Reboot Blues 2011
DC Comics renumbers all series back to "no.1" in September
And another general complaint about the big business of pamphlet comics
[Starting on August 31, DC Comics will renumber 52 different books back to #1. Every single title that takes place in the DC Universe will be changed, and there will be major costume and personality changes, too. All 52 #1 issues will launch over a period of 5 weeks.]
Related: DC Comics creative teams for reboot announced
According to an article by George Gustines at the New York Times, DC Comics will renumber all of their series "back to No.1" this September.
"The renumbering rumors have been recent fodder for discussion on columns and message boards of various comic-book Web sites. One of the big questions regarding the move has been whether these are simply new directions for the various characters (say, Batman moves to San Francisco) or a “reboot” (a new take on the character that ignores previous continuity, say, Batman is now a teenager or an alien from the future).
In 1985 DC Comics published Crisis on Infinite Earths, a limited series intended to streamline the at times convoluted continuity of its heroes. At the conclusion of that series the idea of restarting every title with a new No. 1 was mulled but ultimately rejected.
Still, the post-Crisis alterations to some of the characters were substantial: Superman, who at that point had been published for 47 years and had encountered enough Kryptonians to fill a couple of stadiums, became the sole survivor of the doomed planet. His career as Superboy was also erased. Wonder Woman received a new series (and a new No. 1) that presented her as freshly arrived to the world and having never been a founding member of the Justice League. The murderer of Bruce Wayne’s parents, the traumatic event at the core of Batman, was never found."
Comic book continuity has always been an annoying thorn in the side, but maybe throwing everything into the air and dismantling/rebuilding the "DC Universe" is the easiest way to cut through all the nonsense that's been built up over the decades.
But, I am suspicious of the future: DC Comics seems to have gotten into the business of creative packaging at the expense of creative work.
When I read a DC comic book, I personally don't like having to pay any attention to the corporate machine at DC Comics, and the theoretics of their "mythology." I suspect it is a point of pride that they're trying to work out a logic to their superhero dogma, but all that energy and leadership is going into the wrong area when it appears the individual books themselves are being poorly edited (typos, word balloons that don't match to the correct character who is speaking, indifferent coloring to what is occurring in the story, and production work that emphasizes things like high gloss UV paper but then trim and bind the artwork pages in such a way portions of art are hidden if not missing altogether, like has been the case in the misnamed 'prestige format' DC uses from time to time).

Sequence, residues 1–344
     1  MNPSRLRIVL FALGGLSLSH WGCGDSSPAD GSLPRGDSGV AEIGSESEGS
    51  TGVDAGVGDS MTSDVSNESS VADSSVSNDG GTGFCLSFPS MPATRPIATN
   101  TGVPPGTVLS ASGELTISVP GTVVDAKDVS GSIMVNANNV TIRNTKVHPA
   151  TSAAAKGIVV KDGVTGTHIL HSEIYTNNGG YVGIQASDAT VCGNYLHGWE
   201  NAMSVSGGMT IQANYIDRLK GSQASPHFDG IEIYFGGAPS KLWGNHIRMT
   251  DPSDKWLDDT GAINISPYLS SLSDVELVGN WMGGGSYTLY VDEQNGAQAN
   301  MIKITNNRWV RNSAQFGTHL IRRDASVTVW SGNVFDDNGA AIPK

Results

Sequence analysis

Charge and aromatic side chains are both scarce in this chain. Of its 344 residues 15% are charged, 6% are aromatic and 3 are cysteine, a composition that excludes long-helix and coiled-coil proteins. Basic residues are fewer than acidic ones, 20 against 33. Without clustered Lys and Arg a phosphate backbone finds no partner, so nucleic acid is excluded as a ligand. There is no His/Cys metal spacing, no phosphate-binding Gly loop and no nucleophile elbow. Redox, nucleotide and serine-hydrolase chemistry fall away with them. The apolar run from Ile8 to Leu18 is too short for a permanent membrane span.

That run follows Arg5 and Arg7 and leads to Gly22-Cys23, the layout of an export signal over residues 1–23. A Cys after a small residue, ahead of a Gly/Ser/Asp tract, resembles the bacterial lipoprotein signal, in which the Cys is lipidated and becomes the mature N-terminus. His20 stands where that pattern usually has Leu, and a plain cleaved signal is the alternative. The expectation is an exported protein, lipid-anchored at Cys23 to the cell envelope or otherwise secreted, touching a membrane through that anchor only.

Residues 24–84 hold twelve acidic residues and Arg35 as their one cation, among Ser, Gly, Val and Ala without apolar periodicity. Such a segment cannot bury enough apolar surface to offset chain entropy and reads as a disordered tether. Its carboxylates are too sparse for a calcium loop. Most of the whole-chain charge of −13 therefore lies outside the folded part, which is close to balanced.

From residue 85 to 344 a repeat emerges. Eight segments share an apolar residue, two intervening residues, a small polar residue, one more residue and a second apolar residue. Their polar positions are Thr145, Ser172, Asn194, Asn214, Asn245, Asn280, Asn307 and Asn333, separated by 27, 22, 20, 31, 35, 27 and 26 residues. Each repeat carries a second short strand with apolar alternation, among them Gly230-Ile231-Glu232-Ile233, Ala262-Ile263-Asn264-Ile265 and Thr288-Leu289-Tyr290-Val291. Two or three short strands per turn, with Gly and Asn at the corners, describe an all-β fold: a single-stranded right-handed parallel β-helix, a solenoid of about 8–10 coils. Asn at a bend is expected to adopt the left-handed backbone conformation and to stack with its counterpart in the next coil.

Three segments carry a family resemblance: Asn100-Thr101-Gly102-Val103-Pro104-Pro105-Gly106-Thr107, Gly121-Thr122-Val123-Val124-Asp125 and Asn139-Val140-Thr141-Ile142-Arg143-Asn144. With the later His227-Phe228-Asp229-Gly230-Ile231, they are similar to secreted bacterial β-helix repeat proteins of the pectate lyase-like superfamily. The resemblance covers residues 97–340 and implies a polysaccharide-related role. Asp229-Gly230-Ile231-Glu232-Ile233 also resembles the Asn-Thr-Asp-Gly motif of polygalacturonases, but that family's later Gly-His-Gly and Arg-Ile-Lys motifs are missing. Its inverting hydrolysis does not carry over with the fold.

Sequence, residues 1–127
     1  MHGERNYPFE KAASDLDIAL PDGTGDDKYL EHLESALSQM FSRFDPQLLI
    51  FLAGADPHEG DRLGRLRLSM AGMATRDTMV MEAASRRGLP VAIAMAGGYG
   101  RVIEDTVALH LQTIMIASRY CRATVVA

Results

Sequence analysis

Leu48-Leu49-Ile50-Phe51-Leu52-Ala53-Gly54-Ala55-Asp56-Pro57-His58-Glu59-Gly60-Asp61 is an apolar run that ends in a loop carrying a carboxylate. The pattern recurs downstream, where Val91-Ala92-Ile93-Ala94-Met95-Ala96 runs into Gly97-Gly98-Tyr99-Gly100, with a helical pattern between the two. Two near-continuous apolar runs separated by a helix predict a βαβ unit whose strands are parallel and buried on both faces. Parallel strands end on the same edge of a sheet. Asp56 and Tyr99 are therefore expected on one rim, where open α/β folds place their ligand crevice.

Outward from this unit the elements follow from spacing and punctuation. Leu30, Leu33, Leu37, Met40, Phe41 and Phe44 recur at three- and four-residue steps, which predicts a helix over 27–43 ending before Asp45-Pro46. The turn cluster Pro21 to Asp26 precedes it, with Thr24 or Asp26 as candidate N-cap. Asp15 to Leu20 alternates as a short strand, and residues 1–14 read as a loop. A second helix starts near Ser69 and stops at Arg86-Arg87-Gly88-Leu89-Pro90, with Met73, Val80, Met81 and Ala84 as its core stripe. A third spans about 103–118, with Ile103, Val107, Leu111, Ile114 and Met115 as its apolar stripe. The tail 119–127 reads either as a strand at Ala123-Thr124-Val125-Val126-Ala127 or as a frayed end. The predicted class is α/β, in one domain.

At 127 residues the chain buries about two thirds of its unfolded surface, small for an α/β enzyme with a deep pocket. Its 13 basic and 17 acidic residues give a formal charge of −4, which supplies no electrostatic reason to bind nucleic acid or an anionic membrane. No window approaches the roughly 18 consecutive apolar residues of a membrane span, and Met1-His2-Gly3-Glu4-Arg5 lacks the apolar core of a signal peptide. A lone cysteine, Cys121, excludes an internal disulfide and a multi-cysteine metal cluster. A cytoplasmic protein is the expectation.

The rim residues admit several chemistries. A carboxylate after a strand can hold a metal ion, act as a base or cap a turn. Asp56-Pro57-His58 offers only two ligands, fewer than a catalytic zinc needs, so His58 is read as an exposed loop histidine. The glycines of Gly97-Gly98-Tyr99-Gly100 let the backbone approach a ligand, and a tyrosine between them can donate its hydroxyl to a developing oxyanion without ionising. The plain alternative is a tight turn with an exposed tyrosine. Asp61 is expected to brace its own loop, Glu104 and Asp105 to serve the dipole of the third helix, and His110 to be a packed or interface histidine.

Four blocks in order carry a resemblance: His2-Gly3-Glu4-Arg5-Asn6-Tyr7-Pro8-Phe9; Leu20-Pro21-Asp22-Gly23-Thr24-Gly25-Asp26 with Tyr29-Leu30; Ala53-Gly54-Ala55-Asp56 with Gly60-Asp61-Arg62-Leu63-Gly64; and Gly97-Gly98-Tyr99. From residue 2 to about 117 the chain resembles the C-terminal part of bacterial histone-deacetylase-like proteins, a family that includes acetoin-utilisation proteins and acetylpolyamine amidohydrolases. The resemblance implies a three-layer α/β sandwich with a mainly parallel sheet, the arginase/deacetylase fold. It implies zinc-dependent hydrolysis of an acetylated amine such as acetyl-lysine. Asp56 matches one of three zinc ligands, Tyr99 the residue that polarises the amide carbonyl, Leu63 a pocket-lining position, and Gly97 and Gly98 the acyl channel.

In this move to renumber back to No.1, they'll be releasing themselves from the burdens of all that overhead of story history, but I suspect an even worse "theology" will be created to dampen the tales with pointless detail and exposition. Reboots have worked before on individual series, but how do you reboot an industry dedicated to a constant rearguard action as it retreats toward miniaturization? What happens if movie licensing money dries up and comic books are no longer treated as an inexpensive seedbed for TV, movies and books? If suddenly the audience is only just the fans of the medium, what happens?
I love the plain pamphlet comic book, but it is a suffering beast with paltry writing skills going into making each individual issue "work," and for this the blame is on the shoulders of the management and editors of mainstream comic book companies. The mainstream comic book is supposed to be a compact story-telling engine that can condense a tale into 12, 22 or 32 pages (or much, much more) as needed, and still retaining all the mechanics that belong to any other story-telling medium (TV, movies, books). But modern comic book stories are often bloated with plot points repeated numerous times like a badly managed TV-movie as the "arc" is spread out over multiple issues. As western countries become more ADHD, comic books march in the opposite direction. Why?
I see specialty shops weighing ever more heavily toward games and other detritus instead of actual comics, and I see Barnes and Nobles stores expanding their Manga shelves but shrinking the "graphic novel" section. Why?
Original page June 1, 2011 | Updated October 2020